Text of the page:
• 89. 3.44). Agricultural labourers are mainly sending their children to ICDS schools. In thedeveloped mandals, also the same pattern is continuing. Relatively larger number offemale children are attending ICDS schools both in developed and backward mandals. Table 3.44: Number of Children Attending ICDS Centres across Caste Groups in Selected Districts of A. P. Sl Particulars Backward mandals No SC ST BC OC Total 1 Total children 1342 349 3170 753 5614 24.0 6.2 56.4 13.4 100 2 Eligible male 115 14 183 28 340 34.0 4.1 53.8 8.1 48.2 3 Percentage of attending 72 12 100 20 204 35.2 6.0 49.0 9.8 60.1 4 Eligible Female 103 15 200 47 365 28.2 4.1 54.7 13.0 51.78 5 Percentage of attending 78 9 123 42 252 31.0 3.5 49.0 16.5 69.1 6 Total eligible children 218 29 383 75 705 31.0 4.1 54.3 10.6 12.55 7 Total children attending 150 21 223 62 456 33.0 4.6 49.0 13.4 64.68 Sl Particulars Developed mandals No SC ST BC OC Total 1 Total children 24.3 6.5 2133 878 4352 2 Eligible male 29.8 1.3 48.2 20.7 52.46 3 Percentage of attending 36.5 3.0 39.4 21.1 55.0 4 Eligible Female 33.6 2.1 40.0 24.3 47.54 5 Percentage of attending 33.7 2.7 40.9 22.7 64.64 6 Total eligible children 31.5 2.0 44.2 22.3 13.55 7 Total children attending 123 10 141 77 351 (59.59) (35.0) (2.8) (40.3) (21.9) Sl Particulars Overall No SC ST BC OC Total 1 Total children 24.1 6.4 53.2 16.3 9966 2 Eligible male 31.8 2.8 51.2 14.2 50.15 3 Percentage of attending 35.8 4.5 44.7 14.9 57.62 4 Eligible Female 30.5 3.3 48.4 17.8 49.84 5 Percentage of attending 32.1 3.2 45.5 19.2 67.13 6 Total eligible children 31.2 3.1 49.8 15.9 12.98 7 Total children attending 273 31 364 139 807 (62.36) (33.8) (3.8) (45.2) (17.2) Note: figures in parenthesis are percentages to the total caste groups 89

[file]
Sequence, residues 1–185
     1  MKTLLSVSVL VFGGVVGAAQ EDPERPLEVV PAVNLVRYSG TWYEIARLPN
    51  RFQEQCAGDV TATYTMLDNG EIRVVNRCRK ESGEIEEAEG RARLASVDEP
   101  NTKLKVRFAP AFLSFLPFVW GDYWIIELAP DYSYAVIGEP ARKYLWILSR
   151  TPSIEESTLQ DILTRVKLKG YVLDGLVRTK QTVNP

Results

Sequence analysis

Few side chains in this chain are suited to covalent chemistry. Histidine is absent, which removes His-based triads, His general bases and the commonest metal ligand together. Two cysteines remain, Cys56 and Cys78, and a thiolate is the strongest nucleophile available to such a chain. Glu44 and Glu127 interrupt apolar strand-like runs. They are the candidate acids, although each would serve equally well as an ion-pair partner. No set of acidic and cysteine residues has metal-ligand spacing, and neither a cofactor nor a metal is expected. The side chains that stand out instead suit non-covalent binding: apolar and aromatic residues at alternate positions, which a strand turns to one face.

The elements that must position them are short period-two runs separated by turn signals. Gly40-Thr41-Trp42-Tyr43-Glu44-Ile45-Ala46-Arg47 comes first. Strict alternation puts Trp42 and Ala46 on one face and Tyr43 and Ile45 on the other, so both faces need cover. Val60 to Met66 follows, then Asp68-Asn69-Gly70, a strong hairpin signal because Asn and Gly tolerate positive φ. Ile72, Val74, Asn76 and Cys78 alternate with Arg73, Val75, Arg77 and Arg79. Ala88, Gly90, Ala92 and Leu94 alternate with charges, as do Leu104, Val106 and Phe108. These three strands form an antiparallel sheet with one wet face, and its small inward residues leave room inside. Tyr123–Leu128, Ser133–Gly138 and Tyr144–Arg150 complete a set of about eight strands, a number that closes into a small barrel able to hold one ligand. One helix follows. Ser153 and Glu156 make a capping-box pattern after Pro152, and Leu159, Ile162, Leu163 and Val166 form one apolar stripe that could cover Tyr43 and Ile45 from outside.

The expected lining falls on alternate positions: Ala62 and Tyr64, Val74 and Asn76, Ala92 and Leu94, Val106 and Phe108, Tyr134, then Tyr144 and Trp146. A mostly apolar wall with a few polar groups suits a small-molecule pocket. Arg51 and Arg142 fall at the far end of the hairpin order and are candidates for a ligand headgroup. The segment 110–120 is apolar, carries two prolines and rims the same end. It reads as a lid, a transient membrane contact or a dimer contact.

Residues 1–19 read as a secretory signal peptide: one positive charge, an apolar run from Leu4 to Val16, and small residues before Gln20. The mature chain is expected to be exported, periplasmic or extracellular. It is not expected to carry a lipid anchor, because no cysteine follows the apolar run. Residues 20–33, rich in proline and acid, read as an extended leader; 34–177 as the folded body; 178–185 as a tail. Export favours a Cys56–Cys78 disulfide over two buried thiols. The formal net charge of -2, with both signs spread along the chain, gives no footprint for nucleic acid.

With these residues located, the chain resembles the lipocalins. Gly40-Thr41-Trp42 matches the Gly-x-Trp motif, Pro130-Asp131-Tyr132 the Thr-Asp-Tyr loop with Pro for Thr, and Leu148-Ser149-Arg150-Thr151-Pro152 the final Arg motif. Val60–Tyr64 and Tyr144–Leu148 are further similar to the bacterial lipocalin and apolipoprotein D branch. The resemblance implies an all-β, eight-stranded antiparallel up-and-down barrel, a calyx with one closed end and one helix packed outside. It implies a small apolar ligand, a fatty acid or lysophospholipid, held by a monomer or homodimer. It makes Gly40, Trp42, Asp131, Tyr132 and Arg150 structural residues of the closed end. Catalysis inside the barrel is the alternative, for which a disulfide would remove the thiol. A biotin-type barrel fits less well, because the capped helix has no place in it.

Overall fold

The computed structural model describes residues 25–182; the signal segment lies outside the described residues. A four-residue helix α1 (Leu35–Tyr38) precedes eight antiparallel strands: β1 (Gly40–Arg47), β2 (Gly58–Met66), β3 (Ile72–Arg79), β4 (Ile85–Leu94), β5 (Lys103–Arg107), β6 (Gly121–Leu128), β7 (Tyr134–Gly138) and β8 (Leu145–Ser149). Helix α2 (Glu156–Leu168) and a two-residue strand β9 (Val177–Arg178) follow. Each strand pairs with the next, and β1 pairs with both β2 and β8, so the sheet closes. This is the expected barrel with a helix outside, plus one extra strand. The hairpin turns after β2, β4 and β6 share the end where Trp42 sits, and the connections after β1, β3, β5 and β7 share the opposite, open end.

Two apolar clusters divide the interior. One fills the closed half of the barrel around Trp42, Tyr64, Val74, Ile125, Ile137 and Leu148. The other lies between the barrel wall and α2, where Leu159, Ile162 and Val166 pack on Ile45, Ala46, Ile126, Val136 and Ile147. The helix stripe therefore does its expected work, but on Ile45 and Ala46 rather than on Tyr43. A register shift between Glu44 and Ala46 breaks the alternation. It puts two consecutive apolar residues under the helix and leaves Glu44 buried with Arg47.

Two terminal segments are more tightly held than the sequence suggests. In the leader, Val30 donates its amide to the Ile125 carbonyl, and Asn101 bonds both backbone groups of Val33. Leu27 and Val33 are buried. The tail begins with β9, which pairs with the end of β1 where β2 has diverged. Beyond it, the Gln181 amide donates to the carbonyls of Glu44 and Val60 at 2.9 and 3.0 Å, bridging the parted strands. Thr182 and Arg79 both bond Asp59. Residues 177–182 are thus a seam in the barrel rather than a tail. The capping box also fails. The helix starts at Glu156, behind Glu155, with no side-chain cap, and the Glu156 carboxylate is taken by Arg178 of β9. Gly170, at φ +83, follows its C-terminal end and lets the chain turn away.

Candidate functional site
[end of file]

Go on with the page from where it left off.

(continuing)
• 90. Table. 3.45: Number of Children Attending ICDS Centres in selected districts of A. P. by Household category Particulars Cultivator Agri Non-Agri Artisan Trade/ Service Others Total Labour Labour BusinessTotal children 3410 3683 1100 256 310 254 906 9919% 34.37 37.13 11.09 2.58 3.12 2.56 9.13 100.0Eligible Male 229 267 52 7 14 12 63 644% 35.55 41.46 8.07 1.08 2.17 1.86 9.78Attending 132 119 24 10 9 6 44 374% 35.29 39.84 6.41 2.67 2.41 1.60 11.76 58.07Eligible Female 185 266 67 20 30 12 65 645% 28.68 41.24 10.38 3.10 4.65 1.86 10.07Attending 122 181 34 13 28 8 47 433% 28.17 41.80 7.85 3.00 6.47 1.47 10.85 67.13Total Eligible 414 533 119 32 44 24 128 1294% 31.99 41.19 9.19 2.47 3.40 1.85 9.119Total Attending 254 330 58 23 37 14 91 807% 31.47 40.119 7.18 2.85 4.58 1.73 11.27 62.36 IV. Minimum Needs Programme Indira Awas Yojana (IAY) In the sample villages, 32 percent of eligible households have been covered under IAY. It ranges from 96 percent among SC’s to 7.8 percent in case of other castes. The facilities relating to the housing viz., side drains, individual sanitation, electricity and protected water supply have been provided . 28.6 percent of the SC households have received protected water supply system because of the scheme. Toilets have also been constructed for 10.7 percent of SC households. Around 50.9 percent of the OC households have their own toilets after the scheme is implemented. But still a substantial number of SCs, STs, and BC’s are using the open space for toilet even after the implementation of the scheme. Because of the scheme, households belonging to all caste categories have got electricity. All the households are satisfied with the quality of the houses. Preferences of beneficiaries have been taken into consideration while constructing the households, i.e. preference to neighbor hood as a place to live. The households belonging to all caste categories are satisfied with the location of the houses. 90